“Everything has beauty, but not everyone sees it.”
Happy Monday, friends! Last week, not only did I return to the U.S. from Uruguay — where I’ll be spending the next two months, happily soaking up the Northern Hemisphere summer — but I also had the honor of teaching a sketching workshop at the AIAS Grassroots Leadership Conference, organized by the American Institute of Architecture Students in Washington D.C.
My dear mother Janell drove up from Virginia and met me in D.C. on Friday afternoon. After a delicious al fresco dinner that evening, we spent the rest of the night going over my plans for the workshop the following day. The two-hour workshop would be broken up into two parts — one hour before lunch, spent in a classroom-style meeting room, and then another hour after lunch, when the students and I would actually get outside the conference center and do some sketching together.
The workshop was called, “Connecting with the World through Art,” which you might even recognize as this blog’s tagline and the subtitle for my free eBook, Travel Sketching 101.
It’s a theme very close to my heart, and I couldn’t wait to share it with the students at the conference.
As my mom and I went through my slides for the first hour, we came upon a photo I’d included of myself and a French sketch artist named Pierro, whom I met in Paris in 2015. I’d been sketching in front of the Shakespeare & Co. bookshop when Pierro walked up to me, pointed to my sketchbook, and said, “I do the same.” It was one of my first serendipitous sketching encounters in France, and I’ve remembered our conversation ever since.
In my talk for the conference, I was planning to share about my encounter with Pierro to illustrate how sketching on-location in a new place can also help us create connections with the other people around us. But as my mom and I came to that slide in the presentation, she noticed something I’d never seen in the photo before: That behind Pierro and me holding up our sketchbooks, the photo also shows a man sitting on a bench outside the bookstore, a camera around his neck and a smartphone in each of his hands.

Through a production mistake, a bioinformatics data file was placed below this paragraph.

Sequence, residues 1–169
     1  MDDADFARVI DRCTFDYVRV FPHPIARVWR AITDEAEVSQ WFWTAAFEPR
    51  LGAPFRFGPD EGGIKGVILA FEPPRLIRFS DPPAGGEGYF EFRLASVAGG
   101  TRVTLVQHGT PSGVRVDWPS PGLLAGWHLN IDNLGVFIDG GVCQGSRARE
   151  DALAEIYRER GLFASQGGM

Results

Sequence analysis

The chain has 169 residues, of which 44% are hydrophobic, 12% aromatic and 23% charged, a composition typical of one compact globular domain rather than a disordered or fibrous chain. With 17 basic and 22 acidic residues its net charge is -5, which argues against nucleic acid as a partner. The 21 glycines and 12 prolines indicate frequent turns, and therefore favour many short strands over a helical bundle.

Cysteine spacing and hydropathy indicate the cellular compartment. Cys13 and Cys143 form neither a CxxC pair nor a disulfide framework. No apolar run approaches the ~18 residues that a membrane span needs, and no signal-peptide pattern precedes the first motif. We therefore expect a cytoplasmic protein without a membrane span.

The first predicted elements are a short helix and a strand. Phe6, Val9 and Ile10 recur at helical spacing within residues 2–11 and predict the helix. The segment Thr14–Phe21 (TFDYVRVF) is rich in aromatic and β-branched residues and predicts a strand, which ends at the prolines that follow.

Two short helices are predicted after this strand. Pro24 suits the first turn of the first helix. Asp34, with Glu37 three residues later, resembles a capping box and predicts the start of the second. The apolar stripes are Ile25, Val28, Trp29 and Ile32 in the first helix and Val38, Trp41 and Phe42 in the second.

Most striking of all, his head is lowered and his gaze is completely directed down towards his pair of phones.
“I feel like that’s the main point of what you need to share tomorrow,” my mom said. “Sketching just helps you pay more attention — it helps you look up.”
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The next morning, the first classroom-based half of the workshop kicked off, and the hour truly flew by — I loved sharing my passion for connection and sketching process with the students, and then hearing their questions and being able to connect my journey as a sketch artist to their own journeys as architects and designers.
But what was even more exciting was finally leaving the conference center together after lunch to do some sketching. As it just so happened, the historic Carnegie Library was just across the street from our hotel, so all 30 students in the workshop and I had the perfect subject awaiting us outside for our sketching session.
While the students sketched, I walked around and made myself available for any questions they might have during the process. It was also a great chance to get to know the students more individually — I loved learning their names, finding out what schools and universities they’re from, and especially hearing more about their plans and ambitions for once they’ve graduated.
Many of the students shared with me that while they took sketching and drawing courses in the first year of their architecture programs, they’d since switched to using digital drawing software and haven’t drawn by hand since — a few students even said they’d never sketched by hand at all.
This was something I’d already read about while preparing for the conference, in a 2012 article for the New York Times titled “Architecture and the Lost Art of Drawing.” In the piece, late postmodern architect Michael Graves writes:
“The referential sketch serves as a visual diary, a record of an architect’s discovery…These sketches are thus inherently fragmentary and selective. When I draw something, I remember it. The drawing is a reminder of the idea that caused me to record it in the first place. That visceral connection, that thought process, cannot be replicated by a computer.”
All year, I’ve been fascinated by drawing’s ability to help us create stronger memories — so I loved stumbling across Graves’ article, learning about how drawing and memory relate to the field of architecture, and then seeing the students in my workshop reconnect with drawing by hand this weekend.
But what struck me most of all during the hour we sketched on Saturday, was simply seeing how the students kept looking up at the library as they captured it in their sketchbooks.
It felt like such a powerful testament to what my mom and I had observed in the photo of Pierro and me in Paris:
That instead of looking down at our devices and missing the world around us, sketching draws our gaze upwards and out into the world, where beauty and discovery await us.
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I couldn’t be more grateful for getting to connect with such an inspiring group of students in this weekend’s sketching workshop in D.C. 🙂 Thank you, AIAS, for the chance to join you all!
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